I’m pretty sure every one of us remembers the first time he/she laid hands on a computer very well. In the last decade, computing technology, and the associated hardware and software have increased manifold. More people are buying computers these days. Laptops, once considered a luxurious class of Computers have become affordable and well within everyone’s budget. But that doesn’t mean that expensive machines have ceased to exist. They still do.
But you know something, most of these expensive machines are not just expensive because of their hardware. There’s another major deciding factor when it comes to their price. And that is software. That’s right. When you buy a new computer, you are not just paying for the physical machine, but some of the software applications that come pre-installed with it too. And that forms a significant chunk of their total retail prices. But do you really think you are actually using that “extra” software so as to justify the price you pay for it, along with the hardware that it comes with? Confusing? Read on to find out.
Microsoft Office: Probably the most popular of the default bundled software!!
Let’s face it. We all know Microsoft Office pretty well. In fact, I don’t think I’ve ever met a person (from amateur to hard core professional) who knows how to use a computer, and doesn’t know about Microsoft Office. This gold standard of office cum productivity suites is one piece of software that everyone has worked on, no matter how much. I’m pretty sure even today when 90% of first time computer users buy a new machine and boot it up, their first instinct is to check whether that ever familiar trio of Word, PowerPoint and Excel exists in their list of installed programs or not.
In fact, so popular is this thing, that majority of users think it’s almost mandatory to have it installed on their systems, whether they use it or not. And when it’s not they try all sorts of methods, from purchasing a licensed copy of MS Office (which is fairly expensive, if you ask me!!) to scouring torrent websites hoping they can get their hands on one of the cracked versions. But is it even worth so much trouble? I don’t think so!!
How majority of (casual) Computer users use Microsoft Office?
I think almost everyone of us knows what a big Software suite Microsoft Office is. From the days of Office ‘97 to present day’s Office 2013, it has become increasingly big, both in features and installation footprint. Microsoft Office now comes with a whole slew of components that go way past the usual well known trio of Word, PowerPoint and Excel. But do you really need them? To answer this question, check out the following pointers and see if you agree with them or not.
- Most of the casual users normally never use MS Office products apart from Word, PowerPoint & Excel.
- Even those who use the above mentioned three products, use them for the most basic needs such as composing Letters, making simple presentations for academic usage, maintaining lists of activities etc.
- Even if we overlook the other constituent products of MS Office, most users don’t even use Word, PowerPoint & Excel to their full potential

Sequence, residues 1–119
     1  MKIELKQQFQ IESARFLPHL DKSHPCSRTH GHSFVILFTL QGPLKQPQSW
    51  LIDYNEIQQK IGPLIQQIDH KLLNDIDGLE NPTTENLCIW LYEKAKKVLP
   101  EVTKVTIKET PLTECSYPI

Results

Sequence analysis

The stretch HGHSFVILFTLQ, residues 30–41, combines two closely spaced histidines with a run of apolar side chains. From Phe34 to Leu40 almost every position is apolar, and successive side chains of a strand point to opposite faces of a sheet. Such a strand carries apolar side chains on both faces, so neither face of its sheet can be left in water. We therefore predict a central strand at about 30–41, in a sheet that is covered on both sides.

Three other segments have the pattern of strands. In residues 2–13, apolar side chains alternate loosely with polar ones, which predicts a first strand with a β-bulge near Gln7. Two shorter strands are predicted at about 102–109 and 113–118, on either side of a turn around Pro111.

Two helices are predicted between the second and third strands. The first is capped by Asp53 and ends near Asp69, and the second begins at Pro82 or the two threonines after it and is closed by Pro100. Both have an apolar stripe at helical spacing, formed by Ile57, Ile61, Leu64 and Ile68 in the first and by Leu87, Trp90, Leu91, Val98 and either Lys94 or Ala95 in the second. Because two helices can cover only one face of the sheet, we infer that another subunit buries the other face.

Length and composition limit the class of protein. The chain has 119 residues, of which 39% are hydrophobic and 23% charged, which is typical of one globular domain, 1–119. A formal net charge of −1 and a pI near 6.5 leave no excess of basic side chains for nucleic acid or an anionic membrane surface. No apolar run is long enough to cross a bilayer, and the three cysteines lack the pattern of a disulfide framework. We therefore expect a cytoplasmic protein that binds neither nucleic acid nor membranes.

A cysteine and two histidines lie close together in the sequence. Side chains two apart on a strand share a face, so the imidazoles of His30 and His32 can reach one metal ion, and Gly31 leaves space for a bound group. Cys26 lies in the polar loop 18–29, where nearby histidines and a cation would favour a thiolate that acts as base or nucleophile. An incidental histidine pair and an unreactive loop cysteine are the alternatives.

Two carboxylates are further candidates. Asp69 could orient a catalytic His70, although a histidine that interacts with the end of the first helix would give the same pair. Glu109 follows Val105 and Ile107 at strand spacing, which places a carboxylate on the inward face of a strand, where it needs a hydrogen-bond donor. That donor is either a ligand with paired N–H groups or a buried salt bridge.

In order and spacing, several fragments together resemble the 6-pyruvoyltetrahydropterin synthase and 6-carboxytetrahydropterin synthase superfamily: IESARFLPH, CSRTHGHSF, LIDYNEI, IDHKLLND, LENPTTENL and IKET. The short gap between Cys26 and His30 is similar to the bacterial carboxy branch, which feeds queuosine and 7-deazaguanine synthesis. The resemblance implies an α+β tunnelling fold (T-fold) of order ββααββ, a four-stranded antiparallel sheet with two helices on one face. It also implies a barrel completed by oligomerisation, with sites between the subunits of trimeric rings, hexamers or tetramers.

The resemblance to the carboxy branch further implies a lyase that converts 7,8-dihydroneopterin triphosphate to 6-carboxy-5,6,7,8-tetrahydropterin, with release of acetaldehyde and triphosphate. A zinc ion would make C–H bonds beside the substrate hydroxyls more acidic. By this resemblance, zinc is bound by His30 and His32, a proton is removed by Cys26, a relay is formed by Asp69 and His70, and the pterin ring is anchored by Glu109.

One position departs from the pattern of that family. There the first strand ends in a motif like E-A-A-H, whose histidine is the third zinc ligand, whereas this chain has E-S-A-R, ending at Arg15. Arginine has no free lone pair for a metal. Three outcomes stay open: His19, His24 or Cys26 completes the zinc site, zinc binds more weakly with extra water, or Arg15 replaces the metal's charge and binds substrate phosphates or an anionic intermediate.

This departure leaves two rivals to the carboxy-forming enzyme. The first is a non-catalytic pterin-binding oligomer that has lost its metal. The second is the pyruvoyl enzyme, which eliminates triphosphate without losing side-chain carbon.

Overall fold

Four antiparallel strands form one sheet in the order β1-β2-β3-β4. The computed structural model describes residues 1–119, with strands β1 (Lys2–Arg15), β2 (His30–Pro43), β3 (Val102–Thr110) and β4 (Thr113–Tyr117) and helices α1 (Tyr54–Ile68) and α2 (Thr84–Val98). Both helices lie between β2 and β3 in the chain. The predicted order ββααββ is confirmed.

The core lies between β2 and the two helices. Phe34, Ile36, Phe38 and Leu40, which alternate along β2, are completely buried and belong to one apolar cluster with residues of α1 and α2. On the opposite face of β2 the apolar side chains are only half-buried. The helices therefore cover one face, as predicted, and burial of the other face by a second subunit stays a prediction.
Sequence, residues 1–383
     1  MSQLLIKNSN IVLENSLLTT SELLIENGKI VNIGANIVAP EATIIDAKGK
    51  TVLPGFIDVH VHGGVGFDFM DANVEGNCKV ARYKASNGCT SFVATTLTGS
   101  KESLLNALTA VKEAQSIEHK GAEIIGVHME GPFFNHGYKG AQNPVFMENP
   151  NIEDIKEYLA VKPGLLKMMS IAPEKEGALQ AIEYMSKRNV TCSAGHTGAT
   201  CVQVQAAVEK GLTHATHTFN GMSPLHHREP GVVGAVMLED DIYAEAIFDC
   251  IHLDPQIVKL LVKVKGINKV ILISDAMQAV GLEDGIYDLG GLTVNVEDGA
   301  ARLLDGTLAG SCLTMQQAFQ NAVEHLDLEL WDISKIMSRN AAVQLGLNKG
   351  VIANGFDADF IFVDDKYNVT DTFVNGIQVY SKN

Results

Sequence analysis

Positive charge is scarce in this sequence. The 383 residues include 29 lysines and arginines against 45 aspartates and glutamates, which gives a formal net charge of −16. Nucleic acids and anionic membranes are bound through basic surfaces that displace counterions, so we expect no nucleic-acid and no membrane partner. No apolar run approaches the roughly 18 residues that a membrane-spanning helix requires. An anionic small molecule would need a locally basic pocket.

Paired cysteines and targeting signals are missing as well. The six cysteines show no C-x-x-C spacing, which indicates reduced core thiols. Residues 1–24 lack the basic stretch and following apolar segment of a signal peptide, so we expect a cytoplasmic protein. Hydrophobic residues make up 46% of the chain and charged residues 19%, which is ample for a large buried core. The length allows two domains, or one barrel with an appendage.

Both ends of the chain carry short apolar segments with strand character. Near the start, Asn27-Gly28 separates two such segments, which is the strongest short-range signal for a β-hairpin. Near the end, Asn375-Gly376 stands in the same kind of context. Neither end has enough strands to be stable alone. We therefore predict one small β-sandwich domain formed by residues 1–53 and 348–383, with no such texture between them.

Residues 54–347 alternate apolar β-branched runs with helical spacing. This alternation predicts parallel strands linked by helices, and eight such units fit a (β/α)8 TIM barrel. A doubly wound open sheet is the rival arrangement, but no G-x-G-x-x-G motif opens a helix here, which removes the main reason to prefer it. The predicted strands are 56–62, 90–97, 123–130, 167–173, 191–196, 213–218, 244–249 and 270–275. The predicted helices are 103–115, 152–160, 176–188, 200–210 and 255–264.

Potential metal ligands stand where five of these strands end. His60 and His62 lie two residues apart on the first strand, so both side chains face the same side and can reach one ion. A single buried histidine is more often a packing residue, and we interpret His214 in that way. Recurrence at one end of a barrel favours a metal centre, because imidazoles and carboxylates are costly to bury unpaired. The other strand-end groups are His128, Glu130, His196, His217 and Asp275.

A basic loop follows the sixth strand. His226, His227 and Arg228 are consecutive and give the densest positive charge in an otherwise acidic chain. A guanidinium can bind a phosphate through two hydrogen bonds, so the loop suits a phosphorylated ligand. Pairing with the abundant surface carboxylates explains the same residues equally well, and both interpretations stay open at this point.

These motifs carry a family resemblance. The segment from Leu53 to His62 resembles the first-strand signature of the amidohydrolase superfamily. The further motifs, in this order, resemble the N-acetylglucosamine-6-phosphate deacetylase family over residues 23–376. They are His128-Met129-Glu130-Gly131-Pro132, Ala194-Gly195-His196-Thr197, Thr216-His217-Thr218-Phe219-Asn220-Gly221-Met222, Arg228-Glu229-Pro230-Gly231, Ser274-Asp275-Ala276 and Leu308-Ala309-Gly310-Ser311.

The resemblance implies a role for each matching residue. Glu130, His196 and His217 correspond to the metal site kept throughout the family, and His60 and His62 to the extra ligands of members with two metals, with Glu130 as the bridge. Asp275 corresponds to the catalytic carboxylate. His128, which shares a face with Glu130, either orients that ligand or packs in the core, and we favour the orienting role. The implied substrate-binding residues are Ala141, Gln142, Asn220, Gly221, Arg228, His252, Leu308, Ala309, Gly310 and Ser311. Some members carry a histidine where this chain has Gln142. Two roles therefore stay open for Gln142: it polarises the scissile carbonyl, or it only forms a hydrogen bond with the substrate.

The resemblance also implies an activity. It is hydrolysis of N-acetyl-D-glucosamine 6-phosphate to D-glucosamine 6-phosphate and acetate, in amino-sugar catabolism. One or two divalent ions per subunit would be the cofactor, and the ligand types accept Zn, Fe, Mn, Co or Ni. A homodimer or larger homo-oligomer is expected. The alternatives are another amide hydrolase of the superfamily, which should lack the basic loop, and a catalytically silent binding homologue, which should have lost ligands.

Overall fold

- When you pay for Microsoft Office, you are generally paying for the entire software suite, and not just one or two constituents.
- Even though many users try to go the “torrent” way and score themselves a cracked copy of the software, it is illegal. And not something anyone should be doing, much less a casual user.
I think majority of computer users would concur with me on the above pointers. So what’s the point of paying huge sums of money for a big software (or getting it illegally, thereby encouraging software piracy) if you’re not going to use even 5% of its features? Of course there’s no point.
So what can you do to fulfill your Casual Office software requirements without going for MS Office?
The answer is simple. Real simple. You look for alternatives. I’ve said it before too. There’s hardly a software application out there for which free (and at times, better) alternatives don’t exist. And if the software is a wildly popular one such as MS Office, you can be sure you’re lucky. There are a ton of free, open source office suites that you can download and use (totally legally) for as long as you want. ILFS has reviewed a handful of these free Office alternatives in detail. The following list mentions some of them (Linked to their reviews). Check them out!!
Benefits of using alternatives instead of Microsoft Office:
- Most of these alternatives are totally free to download and use. So you’re not doing anything illegal by using them
- Microsoft Office takes up a huge chunk of your hard drive space for its installation. On the contrary, the alternatives can be easily installed on a fraction of that space.
- Some of these Microsoft Office alternatives are available as Portable Apps, which means you can take them with you on a USB drive, anywhere.
- All of these software applications are cross compatible with the default file formats of Microsoft Office. So you can use your MS Office documents with them just fine.
Microsoft Office is a really, really nice software. There’s not just one but a horde of features why it is called the Gold Standard of Office suites. However, even though its feature set justifies its price, there is no point in paying for the features which you’ll probably never use. And when you go for Free alternatives, it’s not just the memory footprint that you’re freeing up on your Hard Drive. You are also saving up your dollars in the process. So why not use the applications that are available freely to use and fulfill all your needs, instead of shelling out so much for an application that has an endless list of features that you’ll never use? I think the answer is pretty obvious.
What do you guys think about these alternatives? Do you use them? How good do you find them against MS Office? Do they fulfill your requirements? Let me know in the comments below.